82 Years Later, Last of AL ‘Scottsboro Boys’ Pardoned


The Alabama Board of Pardons and Paroles voted unanimously Thursday to pardon the last three of the Scottsboro Boys, the nine black teenagers falsely accused of raping two white women on a train in 1931, reports the Montgomery Advertiser. The board granted pardons to Haywood Patterson, Charlie Weems and Andy Wright after a short hearing.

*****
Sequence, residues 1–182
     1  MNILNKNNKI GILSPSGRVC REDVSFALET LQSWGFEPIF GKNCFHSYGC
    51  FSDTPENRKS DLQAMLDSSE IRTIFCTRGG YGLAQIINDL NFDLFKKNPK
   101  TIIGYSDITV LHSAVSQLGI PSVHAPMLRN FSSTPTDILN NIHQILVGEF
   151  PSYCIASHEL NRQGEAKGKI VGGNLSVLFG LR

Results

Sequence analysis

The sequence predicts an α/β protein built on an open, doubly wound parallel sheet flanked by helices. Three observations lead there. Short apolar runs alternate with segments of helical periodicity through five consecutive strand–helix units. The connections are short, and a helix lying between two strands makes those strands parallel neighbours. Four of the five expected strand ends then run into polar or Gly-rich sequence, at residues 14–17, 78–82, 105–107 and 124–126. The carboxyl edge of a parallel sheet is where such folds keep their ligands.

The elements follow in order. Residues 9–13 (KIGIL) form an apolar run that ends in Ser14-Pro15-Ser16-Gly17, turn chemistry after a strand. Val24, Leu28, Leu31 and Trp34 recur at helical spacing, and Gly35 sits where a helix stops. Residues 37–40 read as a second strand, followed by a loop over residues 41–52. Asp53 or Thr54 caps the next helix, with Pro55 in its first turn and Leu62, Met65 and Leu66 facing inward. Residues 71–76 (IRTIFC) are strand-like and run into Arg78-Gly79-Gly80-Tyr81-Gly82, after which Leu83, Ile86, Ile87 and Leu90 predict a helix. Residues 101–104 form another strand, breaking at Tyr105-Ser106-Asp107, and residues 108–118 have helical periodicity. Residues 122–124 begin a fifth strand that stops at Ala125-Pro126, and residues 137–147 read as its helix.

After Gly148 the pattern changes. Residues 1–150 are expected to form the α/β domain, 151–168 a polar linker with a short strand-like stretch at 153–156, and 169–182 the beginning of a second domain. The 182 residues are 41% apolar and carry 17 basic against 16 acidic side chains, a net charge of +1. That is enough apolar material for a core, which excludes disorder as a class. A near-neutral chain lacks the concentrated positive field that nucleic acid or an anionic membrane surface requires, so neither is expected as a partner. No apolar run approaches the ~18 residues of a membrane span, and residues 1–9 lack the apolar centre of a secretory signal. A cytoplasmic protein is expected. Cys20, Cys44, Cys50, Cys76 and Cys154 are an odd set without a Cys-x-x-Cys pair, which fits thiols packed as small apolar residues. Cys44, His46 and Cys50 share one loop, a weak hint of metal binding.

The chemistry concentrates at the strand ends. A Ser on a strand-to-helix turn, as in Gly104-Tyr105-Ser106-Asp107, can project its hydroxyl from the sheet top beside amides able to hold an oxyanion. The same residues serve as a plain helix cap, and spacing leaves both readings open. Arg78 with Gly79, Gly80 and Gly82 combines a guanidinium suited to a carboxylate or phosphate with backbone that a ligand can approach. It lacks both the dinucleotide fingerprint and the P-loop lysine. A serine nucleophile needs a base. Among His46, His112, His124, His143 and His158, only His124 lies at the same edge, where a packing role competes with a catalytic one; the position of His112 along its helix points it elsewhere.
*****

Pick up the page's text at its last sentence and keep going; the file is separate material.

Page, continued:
Patterson, Weems and Wright, along with defendant Clarence Norris, were convicted of rape in 1937, after a six-year ordeal that included three trials, the recantation of one of the two accusers and two landmark U.S. Supreme Court decisions on legal representation and the racial make-up of jury pools. Eight of the nine men were initially convicted by all-white juries. Last spring, the Alabama Legislature unanimously passed a law allowing the granting of posthumous pardons for convictions at least 80 years old, a law specifically designed to allow the pardon of the Scottsboro Boys to go forward.

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